PATH has long advocated for low-cost delivery options for microbicides, products which could prevent or reduce the possibility of sexually transmitted infections, including HIV/AIDs, when applied intravaginally (watch our video In Our Own Hands: A Social Movement for Women-Initiated HIV prevention Options). PATH is currently partnering with colleagues at CONRAD and the Centre for the AIDS Programme of Research in South Africa (CAPRISA) to test paper applicators for delivering tenofovir gel—a candidate microbicide for HIV prevention. If acceptable to women, paper applicators will be less expensive to manufacture, allowing the gel to be more widely available in low-resource areas around the world. PATH will help design the study and analyze the results with its research partners.

We also led development of the “one-size fits most” SILCS diaphragm, which recently received market clearance from the United States Food and Drug Administration. The SILCS diaphragm is a comfortable, easy-to-use device that doesn’t require a pelvic exam to be fitted. Next steps for this innovation include plans to study the SILCS diaphragm as a possible delivery method for a microbicide gel. If effective, the SILCS diaphragm could be used as a multipurpose prevention system to protect women from both HIV and pregnancy.

A combination approach

PATH supports a combination approach to meet the HIV prevention needs of women and girls – including HIV testing, use of male and female condoms, providing oral PrEP to high-risk populations, and treating infected partners with lifesaving antiretroviral therapy.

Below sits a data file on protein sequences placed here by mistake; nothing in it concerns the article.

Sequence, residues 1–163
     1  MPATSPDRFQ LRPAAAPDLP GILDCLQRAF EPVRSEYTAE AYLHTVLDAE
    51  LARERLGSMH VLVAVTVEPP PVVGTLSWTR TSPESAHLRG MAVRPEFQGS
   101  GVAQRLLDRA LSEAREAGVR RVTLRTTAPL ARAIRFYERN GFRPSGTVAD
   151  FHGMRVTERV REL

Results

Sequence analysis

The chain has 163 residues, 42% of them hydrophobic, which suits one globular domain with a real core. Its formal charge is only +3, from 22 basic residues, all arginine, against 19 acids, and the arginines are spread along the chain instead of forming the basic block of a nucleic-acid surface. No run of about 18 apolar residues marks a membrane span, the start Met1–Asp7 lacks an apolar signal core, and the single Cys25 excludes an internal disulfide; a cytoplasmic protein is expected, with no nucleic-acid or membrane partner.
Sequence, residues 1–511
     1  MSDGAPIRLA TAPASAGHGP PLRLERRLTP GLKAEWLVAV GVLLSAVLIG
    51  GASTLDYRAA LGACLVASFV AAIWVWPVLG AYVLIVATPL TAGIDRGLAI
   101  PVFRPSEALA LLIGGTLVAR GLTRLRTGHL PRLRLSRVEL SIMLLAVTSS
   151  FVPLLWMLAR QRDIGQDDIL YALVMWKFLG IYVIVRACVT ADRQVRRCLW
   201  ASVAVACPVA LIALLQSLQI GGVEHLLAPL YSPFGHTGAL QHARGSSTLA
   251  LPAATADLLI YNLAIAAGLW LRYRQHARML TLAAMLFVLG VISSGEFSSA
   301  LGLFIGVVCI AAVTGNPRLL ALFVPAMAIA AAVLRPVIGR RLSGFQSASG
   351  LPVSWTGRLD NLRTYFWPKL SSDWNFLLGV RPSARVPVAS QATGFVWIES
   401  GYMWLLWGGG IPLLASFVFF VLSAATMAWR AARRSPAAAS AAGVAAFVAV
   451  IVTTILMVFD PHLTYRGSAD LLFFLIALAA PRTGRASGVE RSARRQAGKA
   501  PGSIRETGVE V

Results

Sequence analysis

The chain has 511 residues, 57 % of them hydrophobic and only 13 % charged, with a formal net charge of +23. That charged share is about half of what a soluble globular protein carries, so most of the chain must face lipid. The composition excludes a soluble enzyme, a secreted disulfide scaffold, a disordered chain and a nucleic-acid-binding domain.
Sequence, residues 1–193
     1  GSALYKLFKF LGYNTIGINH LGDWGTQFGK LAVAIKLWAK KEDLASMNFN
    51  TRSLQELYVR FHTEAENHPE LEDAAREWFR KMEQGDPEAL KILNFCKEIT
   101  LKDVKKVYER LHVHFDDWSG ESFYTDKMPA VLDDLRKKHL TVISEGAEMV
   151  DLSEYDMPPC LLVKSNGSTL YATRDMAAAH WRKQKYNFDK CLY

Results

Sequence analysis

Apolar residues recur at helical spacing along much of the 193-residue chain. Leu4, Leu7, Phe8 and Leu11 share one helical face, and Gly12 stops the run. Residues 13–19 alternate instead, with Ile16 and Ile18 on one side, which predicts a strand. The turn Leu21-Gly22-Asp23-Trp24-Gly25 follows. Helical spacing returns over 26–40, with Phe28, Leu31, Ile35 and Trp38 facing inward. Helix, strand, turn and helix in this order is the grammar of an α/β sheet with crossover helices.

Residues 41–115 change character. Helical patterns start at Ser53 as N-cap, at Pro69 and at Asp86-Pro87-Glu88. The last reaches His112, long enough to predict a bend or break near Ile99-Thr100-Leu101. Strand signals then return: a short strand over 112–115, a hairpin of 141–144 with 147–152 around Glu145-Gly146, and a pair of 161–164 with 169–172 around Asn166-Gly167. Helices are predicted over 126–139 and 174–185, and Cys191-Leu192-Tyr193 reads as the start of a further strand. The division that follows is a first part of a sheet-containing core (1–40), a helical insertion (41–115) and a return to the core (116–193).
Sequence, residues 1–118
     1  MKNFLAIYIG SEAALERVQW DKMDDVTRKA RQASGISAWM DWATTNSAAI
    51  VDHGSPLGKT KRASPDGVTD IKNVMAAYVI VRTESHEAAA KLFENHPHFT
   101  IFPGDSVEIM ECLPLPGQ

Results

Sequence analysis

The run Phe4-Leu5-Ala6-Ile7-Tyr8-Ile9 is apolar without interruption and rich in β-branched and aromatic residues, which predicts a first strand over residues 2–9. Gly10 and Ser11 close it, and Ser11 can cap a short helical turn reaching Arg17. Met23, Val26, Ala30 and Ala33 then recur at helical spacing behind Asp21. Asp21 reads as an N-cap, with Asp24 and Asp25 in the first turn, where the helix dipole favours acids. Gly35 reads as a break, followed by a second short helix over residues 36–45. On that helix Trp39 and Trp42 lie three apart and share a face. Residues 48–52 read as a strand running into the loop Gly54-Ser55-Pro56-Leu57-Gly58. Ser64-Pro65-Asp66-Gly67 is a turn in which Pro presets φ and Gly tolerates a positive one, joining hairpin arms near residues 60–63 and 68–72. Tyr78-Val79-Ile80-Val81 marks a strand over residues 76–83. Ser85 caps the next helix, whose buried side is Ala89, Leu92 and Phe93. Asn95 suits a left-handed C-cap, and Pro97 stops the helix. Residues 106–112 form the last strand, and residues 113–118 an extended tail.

Along with these methods, we also need to go more “upstream” to address the multitude of structural issues that put women and girls at greater risk for HIV, such as addressing the underlying economic and power inequalities that are often the root causes of gender disparities. Empowering women to take control of their reproductive health is an important step in that direction.

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A new spin on women’s groups

PATH visitors sitting outside with large group of village residents.

A women’s group in India meets with PATH visitors. Photo: PATH/Sanjay Kumar Chauhan.

Editor’s note: PATH friends and board members traveled to India to see programs that improve children’s nutrition, immunize children against the deadly Japanese encephalitis virus, and help women’s groups save and borrow money to bolster their families’ health, education, and earnings. This is the second report in a three-part series.

Thursday, November 13—To meet the women of Anjani village in Bihar State, we walked narrow dirt alleys between their homes, stepping among cows and children.

We passed cakes of cow dung slapped on the walls next to us like rows of cookies baking to dry out and use later for cooking fuel.

A widow waved us into her home, eager to show us where she hosts meetings of a local women’s group. The dark, mud-brick shelter had a woven cot in a small room that sleeps five people. An adjoining room was for the family’s water buffalo that provides their livelihood, she told us, and a third room held fodder for the animal.

“In Bihar, we have a very strong caste system. Within that, we work with the most marginalized people,” said Tarun Vij, PATH’s country leader in India. “The families from the lower caste have all kinds of deprivations imposed upon them.”

Bihar is one of the country’s poorest states, with very high rates of maternal and newborn mortality and a literacy rate of just 64 percent. Anjani village sits along a tributary of the Ganges River and is home to some 500 families who work the nearby rice paddies.

Women sitting with their children on their laps.

The women’s groups pool their money—each contributing 40 rupees (the equivalent of US$.66)—in order to grant one another loans. Photo: PATH/Sanjay Kumar Chauhan.